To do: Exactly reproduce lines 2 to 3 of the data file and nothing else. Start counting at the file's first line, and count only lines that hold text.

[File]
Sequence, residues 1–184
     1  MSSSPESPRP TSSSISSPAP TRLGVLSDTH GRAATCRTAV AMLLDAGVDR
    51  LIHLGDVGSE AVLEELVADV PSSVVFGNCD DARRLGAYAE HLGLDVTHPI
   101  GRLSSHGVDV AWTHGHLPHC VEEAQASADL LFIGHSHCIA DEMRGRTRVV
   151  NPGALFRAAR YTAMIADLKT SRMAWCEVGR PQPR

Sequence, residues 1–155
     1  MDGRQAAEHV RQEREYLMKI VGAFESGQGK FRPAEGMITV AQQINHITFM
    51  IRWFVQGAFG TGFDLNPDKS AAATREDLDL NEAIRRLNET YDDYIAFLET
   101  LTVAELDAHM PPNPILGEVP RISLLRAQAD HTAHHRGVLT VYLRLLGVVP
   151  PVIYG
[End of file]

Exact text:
     1  MSSSPESPRP TSSSISSPAP TRLGVLSDTH GRAATCRTAV AMLLDAGVDR
    51  LIHLGDVGSE AVLEELVADV PSSVVFGNCD DARRLGAYAE HLGLDVTHPI